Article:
Chateau Cos d'Estournel 6-Pack OWC (Futures Pre-Sale) 2018
Blend: 74% Cabernet Sauvignon, 23% Merlot, 2% Cabernet Franc, 1% Petit Verdot
Critical AcclaimAll Vintages
Barrel Sample: 97-100
The beautiful integration of ripe fruit and ripe tannins gives the wine a layered and agile mouthfeel. Soft and gorgeous with silky tannins that really kick in at the finish and carry the wine for a long time. Barrel Sample: 98-99
Deeply colored, the 2018 Cos D'Estournel shows the incredible purity and elegance that this estate delivers these days as well as fabulous crème de cassis, graphite, white flowers, and spicy oak aromas and flavors. Made from 74% Cabernet Sauvignon, 23% Merlot, 2% Cabernet Franc and the rest Petit Verdot, aging in 50% new barrels, it builds with time in the glass and has a full-bodied, decadent yet also seamless mouthfeel, layers of tannins, and a great finish. This is as classy as it gets and certainly a candidate for the King of Saint-Estèphe in 2018. Given its purity and balance as well as depth of fruit, it should offer loads of pleasure in its youth yet also evolve nicely for 3-4 decades. This estate has been on an incredible roll over the past 7-8 years and this is another killer wine. For those interested in the technical data, this wine hit 14.59% alcohol. Barrel Sample: 97-99+
Big, rich and smoky in nature, with powerful fruits and dense tannins, this is a wine that is straining at the limits but still within balance. Rich, smoky flavors shine along with the black plum fruit and bright acidity. It will age for many years. Barrel Sample: 95-97.
Deeply colored, concentrated, and distinctive, St. Estephe is the go-to for great, age-worthy and reliable Bordeaux reds. Separated from Pauillac merely by a stream, St. Estephe is the farthest northwest of the highest classed villages of the Haut Medoc and is therefore subject to the most intense maritime influence of the Atlantic.
St. Estephe soils are rich in gravel like all of the best sites of the Haut Medoc but here the formation of gravel over clay creates a cooler atmosphere for its vines compared to those in the villages farther downstream. This results in delayed ripening and wines with higher acidity compared to the other villages.
While they can seem a bit austere when young, St. Estephe reds prove to live very long in the cellar. Traitionally dominated by Cabernet Sauvignon, many producers now add a significant proportion of Merlot to the blend, which will soften any sharp edges of the more tannic, Cabernet.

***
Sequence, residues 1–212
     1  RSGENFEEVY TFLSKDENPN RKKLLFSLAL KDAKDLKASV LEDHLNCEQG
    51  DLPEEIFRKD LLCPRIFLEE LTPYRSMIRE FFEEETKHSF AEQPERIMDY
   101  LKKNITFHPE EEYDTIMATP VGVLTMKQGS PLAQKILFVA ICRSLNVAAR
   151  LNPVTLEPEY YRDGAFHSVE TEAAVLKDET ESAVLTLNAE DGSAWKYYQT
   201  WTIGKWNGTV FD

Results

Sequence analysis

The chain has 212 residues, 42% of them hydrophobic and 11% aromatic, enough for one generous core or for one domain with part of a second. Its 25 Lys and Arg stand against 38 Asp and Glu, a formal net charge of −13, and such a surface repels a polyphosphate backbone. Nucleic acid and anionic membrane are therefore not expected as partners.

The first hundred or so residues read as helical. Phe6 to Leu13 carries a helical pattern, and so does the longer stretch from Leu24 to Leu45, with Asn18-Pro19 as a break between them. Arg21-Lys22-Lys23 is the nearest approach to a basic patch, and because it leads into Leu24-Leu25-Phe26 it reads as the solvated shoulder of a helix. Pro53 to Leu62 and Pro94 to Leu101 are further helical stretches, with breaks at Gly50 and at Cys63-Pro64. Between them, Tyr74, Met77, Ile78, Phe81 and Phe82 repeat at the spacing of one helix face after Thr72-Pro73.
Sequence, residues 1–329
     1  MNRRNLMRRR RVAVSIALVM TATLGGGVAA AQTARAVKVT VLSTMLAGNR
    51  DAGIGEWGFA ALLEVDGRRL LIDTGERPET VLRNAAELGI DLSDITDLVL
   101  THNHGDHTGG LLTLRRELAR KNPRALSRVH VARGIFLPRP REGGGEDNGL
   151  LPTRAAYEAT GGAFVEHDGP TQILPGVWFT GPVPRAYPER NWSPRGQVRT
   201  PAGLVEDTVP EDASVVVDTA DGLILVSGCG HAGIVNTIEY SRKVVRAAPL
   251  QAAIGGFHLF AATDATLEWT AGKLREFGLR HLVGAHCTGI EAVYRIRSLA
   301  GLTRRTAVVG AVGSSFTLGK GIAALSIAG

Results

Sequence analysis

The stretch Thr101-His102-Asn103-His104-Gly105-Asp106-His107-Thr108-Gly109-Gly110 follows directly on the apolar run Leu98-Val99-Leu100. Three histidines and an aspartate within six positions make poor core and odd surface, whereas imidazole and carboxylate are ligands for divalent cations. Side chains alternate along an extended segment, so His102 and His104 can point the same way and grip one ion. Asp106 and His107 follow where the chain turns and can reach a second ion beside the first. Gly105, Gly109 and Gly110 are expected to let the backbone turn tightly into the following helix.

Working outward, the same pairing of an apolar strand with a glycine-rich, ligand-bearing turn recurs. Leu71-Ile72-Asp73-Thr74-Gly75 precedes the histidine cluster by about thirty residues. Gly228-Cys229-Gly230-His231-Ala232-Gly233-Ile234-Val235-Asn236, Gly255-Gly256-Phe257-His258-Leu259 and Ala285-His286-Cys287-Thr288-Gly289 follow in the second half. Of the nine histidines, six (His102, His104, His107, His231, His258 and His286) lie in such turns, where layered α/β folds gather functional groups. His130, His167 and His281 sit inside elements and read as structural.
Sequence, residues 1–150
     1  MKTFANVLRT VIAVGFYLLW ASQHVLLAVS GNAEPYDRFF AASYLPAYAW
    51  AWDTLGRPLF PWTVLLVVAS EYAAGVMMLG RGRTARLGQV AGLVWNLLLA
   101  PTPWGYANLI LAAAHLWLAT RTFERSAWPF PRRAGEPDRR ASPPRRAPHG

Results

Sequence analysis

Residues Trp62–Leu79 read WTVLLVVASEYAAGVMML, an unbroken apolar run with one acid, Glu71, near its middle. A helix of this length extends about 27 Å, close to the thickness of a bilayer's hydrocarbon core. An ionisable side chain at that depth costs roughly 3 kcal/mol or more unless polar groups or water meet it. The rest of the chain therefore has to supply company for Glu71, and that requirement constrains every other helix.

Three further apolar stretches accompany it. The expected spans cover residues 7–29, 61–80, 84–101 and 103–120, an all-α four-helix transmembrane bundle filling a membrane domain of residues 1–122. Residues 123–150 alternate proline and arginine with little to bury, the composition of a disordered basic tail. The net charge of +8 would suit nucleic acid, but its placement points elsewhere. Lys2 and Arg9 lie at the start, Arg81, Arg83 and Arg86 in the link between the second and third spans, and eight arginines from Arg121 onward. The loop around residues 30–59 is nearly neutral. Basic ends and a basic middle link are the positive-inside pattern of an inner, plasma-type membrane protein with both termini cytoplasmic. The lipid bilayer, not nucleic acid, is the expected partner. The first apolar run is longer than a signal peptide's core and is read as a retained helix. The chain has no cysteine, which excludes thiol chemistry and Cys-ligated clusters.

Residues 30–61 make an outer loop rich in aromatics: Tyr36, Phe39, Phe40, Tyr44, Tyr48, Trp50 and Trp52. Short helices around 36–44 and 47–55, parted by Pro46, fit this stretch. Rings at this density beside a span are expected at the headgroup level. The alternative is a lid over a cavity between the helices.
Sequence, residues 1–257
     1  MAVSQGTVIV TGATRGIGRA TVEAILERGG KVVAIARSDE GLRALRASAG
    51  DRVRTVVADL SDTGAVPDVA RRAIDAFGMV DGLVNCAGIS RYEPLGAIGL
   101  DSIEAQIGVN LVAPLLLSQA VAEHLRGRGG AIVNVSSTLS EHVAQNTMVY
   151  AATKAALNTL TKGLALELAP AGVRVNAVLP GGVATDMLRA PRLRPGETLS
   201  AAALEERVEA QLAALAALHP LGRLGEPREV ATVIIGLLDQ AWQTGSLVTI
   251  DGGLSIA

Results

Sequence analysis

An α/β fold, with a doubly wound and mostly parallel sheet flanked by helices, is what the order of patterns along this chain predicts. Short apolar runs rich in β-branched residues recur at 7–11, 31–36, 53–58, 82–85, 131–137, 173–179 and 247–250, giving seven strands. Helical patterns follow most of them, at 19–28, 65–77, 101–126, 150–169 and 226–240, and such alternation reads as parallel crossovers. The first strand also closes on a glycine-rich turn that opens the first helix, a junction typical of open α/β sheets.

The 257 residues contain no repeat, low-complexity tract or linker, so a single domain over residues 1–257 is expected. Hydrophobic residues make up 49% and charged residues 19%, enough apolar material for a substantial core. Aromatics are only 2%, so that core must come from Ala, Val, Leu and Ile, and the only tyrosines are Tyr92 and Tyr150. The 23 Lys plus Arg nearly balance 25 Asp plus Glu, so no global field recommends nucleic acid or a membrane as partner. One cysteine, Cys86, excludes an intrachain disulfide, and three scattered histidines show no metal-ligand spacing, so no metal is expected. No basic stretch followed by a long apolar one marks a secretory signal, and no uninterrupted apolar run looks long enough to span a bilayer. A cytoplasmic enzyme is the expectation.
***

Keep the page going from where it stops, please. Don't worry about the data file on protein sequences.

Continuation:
The St. Estephe village contains two second growths, Chateau Montrose and Cos d’Estournel.
One of the world’s most classic and popular styles of red wine, Bordeaux-inspired blends have spread from their homeland in France to nearly every corner of the New World, especially in California, Washington and Australia. Typically based on either Cabernet Sauvignon or Merlot and supported by Cabernet Franc, Malbec and Petit Verdot, these are sometimes referred to in the US as “Meritage” blends. In Bordeaux itself, Cabernet Sauvignon dominates in wines from the Left Bank of the Gironde River, while the Right Bank focuses on Merlot. Often, blends from outside the region are classified as being inspired by one or the other.
In the Glass
Cabernet-based, Left-Bank-styled wines are typically more tannic and structured, while Merlot-based wines modeled after the Right Bank are softer and suppler. Cabernet Franc can add herbal notes, while Malbec and Petit Verdot contribute color and structure. Wines from Bordeaux lean towards a highly structured and earthy style whereas New World areas (as in the ones named above) tend to produce bold and fruit-forward blends. Either way, Bordeaux red blends generally have aromas and flavors of black currant, cedar, plum, graphite, and violet, with more red fruit flavors when Merlot makes up a high proportion of the blend.
Since Bordeaux red blends are often quite structured and tannic, they pair best with hearty, flavorful and fatty meat dishes. Any type of steak makes for a classic pairing. Equally welcome with these wines would be beef brisket, pot roast, braised lamb or smoked duck.
While the region of Bordeaux is limited to a select few approved grape varieties in specified percentages, the New World is free to experiment. Bordeaux blends in California may include equal amounts of Cabernet Franc and Malbec, for example. Occassionally a winemaker might add a small percentage of a non-Bordeaux variety, such as Syrah or Petite Sirah for a desired result.